[link] Innocentive challenge: $8000 for examples promoting altruistic behavior

by dvasya1 min read20th Dec 20117 comments

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A challenge recently posted on Innocentive seemed to me like something that may interest many LWers: "Models Motivating and Supporting Altruism Within Communities", with a grand prize of $8000. To quote from the challenge:

We are interested in looking at novel concepts from nature, business, or other areas that may elucidate the dynamics that help promote and maintain altruistic behaviors.

Further details are available on innocentive.com. I think that it would be a nice opportunity for our LW decision theory experts.

[For anybody who decides to participate: the links I provided contain a referral string so that, in case you win a prize, I can match your donation to the SIAI with the same fraction of my referral award ;) Please use them to register.]

 

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In case anyone else wondered, the deadline is 1/25/12.

(Which I, after some thought, managed to parse as 25th of January, 2012. Darn, Month/Day/Year has to be about the most unintuitive date format you can find.)

(Which I, after some thought, managed to parse as 25th of January, 2012. Darn, Month/Day/Year has to be about the most unintuitive date format you can find.)

It's how we say it. In conversation one says "January 25th, 2012" not "the 25th of January, 2012".

In conversation one says "January 25th, 2012" not "the 25th of January, 2012".

Depends on the country.

Those interested in the psychology of the subject may wish to read Batson's Altruism in Humans.

I'm confused. What does it mean to "promote altruistic behaviors"? Do they value people being helping, instead of just/mostly people being helped?

My $8,000 idea is: "Listen to Robin Hanson's advice before passing a law or ratifying a constitution." Not that he said anything specific about the subject, but the reason I say that is that I had just read this:

Fiercely industrious, the new migrant workers knew that one thing might prevent them from creating profitable homesteads from the rainforest: the discovery of uncontacted tribes, whose land is protected from development under the Brazilian constitution.

As a result, frontiersmen who first came across the Akuntsu in the mid-1980s made a simple calculation. The only way to prevent the government finding out about this indigenous community was to wipe them off the map.

I certainly could have told them that would happen, but this was an easy one...

This example is to illustrate my confusion: what does it mean to maximize altruism (the intent or process) rather than outcomes? The most well-meaning clause in a constitution led directly to genocide of the group it was supposed to protect.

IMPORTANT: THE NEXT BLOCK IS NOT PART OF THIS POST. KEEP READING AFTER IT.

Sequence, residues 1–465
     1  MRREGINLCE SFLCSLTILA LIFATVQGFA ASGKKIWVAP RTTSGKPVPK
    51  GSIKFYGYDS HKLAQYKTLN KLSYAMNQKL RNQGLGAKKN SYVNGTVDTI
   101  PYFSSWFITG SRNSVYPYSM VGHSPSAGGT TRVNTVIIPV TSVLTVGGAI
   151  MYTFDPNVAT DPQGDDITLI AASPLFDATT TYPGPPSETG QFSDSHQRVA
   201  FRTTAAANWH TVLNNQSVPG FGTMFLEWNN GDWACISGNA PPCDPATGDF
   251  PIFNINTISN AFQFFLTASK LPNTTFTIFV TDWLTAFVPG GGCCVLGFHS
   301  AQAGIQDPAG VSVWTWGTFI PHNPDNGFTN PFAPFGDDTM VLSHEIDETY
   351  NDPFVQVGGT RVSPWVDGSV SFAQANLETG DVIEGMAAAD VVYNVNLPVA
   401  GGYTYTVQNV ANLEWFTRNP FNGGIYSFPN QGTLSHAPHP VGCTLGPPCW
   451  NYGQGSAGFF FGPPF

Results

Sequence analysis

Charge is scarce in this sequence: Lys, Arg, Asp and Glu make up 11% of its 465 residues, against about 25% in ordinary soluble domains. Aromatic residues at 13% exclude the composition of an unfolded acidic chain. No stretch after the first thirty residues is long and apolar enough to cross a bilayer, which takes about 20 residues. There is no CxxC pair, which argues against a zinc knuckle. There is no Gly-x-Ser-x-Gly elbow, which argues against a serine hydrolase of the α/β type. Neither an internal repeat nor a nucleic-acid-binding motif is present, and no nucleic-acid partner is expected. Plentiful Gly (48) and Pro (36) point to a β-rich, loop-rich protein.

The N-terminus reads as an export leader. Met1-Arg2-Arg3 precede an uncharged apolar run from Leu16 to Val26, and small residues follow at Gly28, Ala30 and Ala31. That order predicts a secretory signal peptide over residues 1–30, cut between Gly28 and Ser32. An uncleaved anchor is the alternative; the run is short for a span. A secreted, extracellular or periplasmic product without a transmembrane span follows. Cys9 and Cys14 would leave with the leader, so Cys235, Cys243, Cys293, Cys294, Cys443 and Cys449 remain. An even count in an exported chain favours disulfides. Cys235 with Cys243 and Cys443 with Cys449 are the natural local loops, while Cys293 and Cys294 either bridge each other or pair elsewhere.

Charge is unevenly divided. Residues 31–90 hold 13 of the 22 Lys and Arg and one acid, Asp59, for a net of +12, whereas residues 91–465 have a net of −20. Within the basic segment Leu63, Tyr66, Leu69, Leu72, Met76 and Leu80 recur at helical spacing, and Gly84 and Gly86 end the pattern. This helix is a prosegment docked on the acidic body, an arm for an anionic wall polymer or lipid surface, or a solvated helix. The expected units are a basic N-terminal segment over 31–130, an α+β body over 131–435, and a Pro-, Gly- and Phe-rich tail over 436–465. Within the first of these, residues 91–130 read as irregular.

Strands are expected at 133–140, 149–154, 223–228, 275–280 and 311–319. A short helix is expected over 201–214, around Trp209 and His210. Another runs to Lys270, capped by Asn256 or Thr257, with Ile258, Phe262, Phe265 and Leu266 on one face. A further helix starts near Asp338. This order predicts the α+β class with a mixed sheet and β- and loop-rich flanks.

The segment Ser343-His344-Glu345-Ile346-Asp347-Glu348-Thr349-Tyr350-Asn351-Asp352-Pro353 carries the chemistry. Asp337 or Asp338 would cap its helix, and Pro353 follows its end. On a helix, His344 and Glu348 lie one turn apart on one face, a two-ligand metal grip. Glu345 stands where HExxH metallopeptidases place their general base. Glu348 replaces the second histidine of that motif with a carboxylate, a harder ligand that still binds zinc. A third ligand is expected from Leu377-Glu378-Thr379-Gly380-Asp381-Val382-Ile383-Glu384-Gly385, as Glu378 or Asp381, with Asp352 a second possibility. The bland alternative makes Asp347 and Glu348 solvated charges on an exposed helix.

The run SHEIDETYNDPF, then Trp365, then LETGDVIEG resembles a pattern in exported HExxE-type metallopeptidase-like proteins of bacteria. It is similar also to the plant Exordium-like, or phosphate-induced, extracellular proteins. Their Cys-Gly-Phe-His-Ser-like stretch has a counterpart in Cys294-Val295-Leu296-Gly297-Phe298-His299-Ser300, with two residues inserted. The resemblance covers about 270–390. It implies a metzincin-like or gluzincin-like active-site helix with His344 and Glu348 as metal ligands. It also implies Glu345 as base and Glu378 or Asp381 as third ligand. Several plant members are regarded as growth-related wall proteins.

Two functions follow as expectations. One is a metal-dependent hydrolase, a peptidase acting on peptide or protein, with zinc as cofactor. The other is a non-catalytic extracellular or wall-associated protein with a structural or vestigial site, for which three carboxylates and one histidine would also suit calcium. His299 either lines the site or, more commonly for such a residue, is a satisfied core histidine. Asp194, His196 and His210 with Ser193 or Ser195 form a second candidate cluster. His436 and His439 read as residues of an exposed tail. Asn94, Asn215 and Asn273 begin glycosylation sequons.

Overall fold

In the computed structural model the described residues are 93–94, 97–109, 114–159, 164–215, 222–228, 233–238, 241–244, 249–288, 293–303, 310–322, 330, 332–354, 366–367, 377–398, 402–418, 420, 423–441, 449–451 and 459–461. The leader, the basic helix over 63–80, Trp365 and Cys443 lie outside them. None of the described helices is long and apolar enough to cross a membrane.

I am still not able to capture the "altruistic behaviors" part of the contest. More specifically: What is considered as an altruistic behavior? How does the site describe it? Is there a geographical notion? Is there is a timeline? How many dimensions are we allowed to explore this? Is altruism restricted to the Homo Sapiens?

I have more to follow, but in essence this notion is a bug that I am attempting to understand, both from the contest perspective and from the generic perspective.

EDIT: 'Grammatical' and 'Spelling' errors.

There's a full description with all the details on the website. Quoting (highlighting is mine):

Situations where someone is dependent on someone else to help manage everyday life are very common. We can see these situations in bringing up a child, in the support of individuals with functional disorders, support of family members with special care needs, and in the care of elderly relatives. The care demand varies case by case, but when the dependency increases the burden of the carer increases as well. It is a situation where you cannot choose, you have to handle the consequences of the development. For the carer it is often time consuming, expensive, and stressful and affects the quality of life for everyone involved. Family members are not always able to support each other as much as is needed. We are interested in looking at novel concepts from nature, business, or other areas that may elucidate the dynamics that help promote and maintain altruistic behaviors.

Due to the burdens of being a caregiver, it requires an act of selflessness to move someone to become one, and to achieve the desired outcome, different kinds of resources must be activated. We believe there are existing systems in nature, business, and other areas that may elucidate the dynamics that help promote and maintain altruistic behaviors and that also utilize resources in an efficient way. The goal is to design scenarios for potential systems where care giving is encouraged and underutilized resources are mustered.